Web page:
Unemployed or low-income people in California received free dental care from the California Dental Association in an event in May called "CDA Cares."
Those who wanted dental care waited in line for hours. More than 2,000 people showed up.
Since 2009's dental program cuts, many low income and unemployed people in the state are left without insurance. The state said that it plans to work to restore dental programs for financially disadvantaged adults.
Many Californians wanted the dental care at the event not just because their teeth were bothering them, but also because they know that employers often make snap judgments about a person based on their appearance.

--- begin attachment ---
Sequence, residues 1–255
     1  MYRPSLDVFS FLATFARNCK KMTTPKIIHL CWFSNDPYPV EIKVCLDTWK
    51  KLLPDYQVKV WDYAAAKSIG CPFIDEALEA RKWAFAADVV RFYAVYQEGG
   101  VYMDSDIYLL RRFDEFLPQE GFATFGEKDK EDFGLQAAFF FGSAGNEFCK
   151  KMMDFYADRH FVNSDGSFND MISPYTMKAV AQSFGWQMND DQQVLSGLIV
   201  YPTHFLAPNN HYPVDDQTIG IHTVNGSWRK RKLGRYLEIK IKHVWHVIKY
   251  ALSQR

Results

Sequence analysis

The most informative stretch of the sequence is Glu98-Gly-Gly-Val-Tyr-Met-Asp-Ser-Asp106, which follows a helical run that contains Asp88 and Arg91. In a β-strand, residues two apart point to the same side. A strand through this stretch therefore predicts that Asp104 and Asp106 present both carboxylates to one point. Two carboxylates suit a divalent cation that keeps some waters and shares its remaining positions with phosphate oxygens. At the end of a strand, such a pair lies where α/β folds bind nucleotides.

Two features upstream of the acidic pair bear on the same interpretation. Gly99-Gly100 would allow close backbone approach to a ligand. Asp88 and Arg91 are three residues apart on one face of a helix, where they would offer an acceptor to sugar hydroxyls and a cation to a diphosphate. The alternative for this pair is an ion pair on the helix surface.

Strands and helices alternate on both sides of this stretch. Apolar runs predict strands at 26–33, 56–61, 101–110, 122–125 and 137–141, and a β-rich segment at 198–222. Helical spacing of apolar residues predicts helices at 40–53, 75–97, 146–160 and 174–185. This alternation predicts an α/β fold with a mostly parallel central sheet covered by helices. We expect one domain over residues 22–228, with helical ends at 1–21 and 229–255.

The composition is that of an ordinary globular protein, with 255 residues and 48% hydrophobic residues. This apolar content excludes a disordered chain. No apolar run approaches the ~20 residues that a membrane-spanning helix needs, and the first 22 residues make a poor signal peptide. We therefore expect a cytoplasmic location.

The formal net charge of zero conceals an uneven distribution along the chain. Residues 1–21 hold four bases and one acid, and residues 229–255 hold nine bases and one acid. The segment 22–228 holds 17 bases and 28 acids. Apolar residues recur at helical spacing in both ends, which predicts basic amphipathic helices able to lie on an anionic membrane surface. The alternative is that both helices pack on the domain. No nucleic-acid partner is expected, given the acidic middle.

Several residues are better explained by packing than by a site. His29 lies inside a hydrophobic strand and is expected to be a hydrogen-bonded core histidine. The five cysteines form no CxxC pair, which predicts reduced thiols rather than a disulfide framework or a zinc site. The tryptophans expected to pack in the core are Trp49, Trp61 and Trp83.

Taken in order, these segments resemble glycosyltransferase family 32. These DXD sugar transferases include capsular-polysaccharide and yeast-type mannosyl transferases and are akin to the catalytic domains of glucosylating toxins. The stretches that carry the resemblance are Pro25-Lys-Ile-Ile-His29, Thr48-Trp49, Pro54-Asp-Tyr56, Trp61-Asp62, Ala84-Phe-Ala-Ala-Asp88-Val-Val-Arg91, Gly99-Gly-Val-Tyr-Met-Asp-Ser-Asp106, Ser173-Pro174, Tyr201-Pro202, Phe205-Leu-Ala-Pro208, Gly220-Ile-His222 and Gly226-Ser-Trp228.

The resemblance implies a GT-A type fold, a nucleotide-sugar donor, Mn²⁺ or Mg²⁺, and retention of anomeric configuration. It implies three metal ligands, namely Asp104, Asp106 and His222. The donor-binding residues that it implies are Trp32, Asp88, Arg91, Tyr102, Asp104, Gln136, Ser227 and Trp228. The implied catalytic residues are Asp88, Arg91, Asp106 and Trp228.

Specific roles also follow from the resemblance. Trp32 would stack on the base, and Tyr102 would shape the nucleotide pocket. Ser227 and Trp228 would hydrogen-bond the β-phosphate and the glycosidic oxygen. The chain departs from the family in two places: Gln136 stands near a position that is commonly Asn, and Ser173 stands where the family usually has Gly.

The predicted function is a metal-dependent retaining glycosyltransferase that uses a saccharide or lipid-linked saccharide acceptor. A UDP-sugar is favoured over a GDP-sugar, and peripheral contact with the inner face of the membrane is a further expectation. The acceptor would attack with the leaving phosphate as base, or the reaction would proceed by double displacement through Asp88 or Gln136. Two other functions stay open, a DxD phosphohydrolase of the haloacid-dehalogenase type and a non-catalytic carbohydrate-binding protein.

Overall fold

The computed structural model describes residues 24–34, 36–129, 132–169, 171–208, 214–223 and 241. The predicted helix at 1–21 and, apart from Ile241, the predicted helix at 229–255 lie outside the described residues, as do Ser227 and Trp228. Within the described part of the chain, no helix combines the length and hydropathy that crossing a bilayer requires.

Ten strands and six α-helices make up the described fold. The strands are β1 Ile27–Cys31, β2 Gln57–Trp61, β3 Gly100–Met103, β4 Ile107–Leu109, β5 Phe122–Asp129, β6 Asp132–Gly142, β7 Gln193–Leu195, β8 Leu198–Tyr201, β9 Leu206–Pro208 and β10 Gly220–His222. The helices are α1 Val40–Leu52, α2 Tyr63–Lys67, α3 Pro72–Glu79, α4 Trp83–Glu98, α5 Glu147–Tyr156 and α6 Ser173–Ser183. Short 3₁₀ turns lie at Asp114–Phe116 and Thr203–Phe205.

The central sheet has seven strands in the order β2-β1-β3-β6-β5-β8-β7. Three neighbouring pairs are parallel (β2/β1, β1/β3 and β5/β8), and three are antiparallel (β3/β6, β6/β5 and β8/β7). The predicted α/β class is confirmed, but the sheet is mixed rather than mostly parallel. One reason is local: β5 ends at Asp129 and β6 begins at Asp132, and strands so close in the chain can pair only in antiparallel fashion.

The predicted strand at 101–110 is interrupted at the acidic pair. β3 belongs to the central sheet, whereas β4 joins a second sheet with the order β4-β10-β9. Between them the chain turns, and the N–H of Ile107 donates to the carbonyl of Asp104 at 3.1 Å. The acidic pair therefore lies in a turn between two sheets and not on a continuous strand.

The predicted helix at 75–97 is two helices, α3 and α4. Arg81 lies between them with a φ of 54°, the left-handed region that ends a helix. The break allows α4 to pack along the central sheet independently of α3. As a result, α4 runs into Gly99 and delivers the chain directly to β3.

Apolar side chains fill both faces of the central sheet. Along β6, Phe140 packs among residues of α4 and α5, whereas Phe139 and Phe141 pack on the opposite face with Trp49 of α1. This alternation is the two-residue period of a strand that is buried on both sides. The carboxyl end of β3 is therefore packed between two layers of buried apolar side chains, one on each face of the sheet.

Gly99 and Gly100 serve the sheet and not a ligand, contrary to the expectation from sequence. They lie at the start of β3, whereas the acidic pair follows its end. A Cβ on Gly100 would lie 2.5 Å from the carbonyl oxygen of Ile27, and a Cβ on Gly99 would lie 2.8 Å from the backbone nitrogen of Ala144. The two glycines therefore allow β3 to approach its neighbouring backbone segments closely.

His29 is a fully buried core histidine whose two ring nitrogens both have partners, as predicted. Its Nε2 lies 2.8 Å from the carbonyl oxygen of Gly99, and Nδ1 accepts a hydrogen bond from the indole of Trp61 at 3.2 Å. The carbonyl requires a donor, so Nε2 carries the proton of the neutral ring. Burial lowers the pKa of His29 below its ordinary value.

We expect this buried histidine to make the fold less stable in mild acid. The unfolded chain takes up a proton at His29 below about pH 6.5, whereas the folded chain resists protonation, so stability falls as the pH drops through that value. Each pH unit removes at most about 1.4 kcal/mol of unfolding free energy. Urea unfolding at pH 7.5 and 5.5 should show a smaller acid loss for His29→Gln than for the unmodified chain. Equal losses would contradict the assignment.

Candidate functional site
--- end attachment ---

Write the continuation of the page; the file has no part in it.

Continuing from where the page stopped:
Missing or discolored teeth are often portrayed in media as belonging to poor or drug addicted individuals. This trickles into real-life judgments, with many associating poor teeth with unscrupulous people.
Poor teeth are also linked to heart disease, diabetes and other diseases.
More than 47 million Americans lack access to dental care, and those with low income find it twice as difficult to receive annual care, according to a 2008 Kaiser Family Foundation Study.
The CDA Cares PRogram is offering free dental care in San Jose, Calif. and is supported by volunteer aid. It costs $500,000 to run, which donations from the public help cover.
The benefits of receiving proper dental care have outstanding affects, as a 2006 study linked jobless people who had dental intervention with improved job search experience.
Those who went to the clinic for free dental care were grateful for their experience and were aware that improved teeth would help them find a job.